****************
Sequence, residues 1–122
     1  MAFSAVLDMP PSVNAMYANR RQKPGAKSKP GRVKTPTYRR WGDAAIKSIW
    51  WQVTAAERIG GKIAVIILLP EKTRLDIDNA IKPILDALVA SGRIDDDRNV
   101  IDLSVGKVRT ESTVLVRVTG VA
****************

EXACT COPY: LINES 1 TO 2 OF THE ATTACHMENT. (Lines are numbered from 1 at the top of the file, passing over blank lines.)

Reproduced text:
Sequence, residues 1–122
     1  MAFSAVLDMP PSVNAMYANR RQKPGAKSKP GRVKTPTYRR WGDAAIKSIW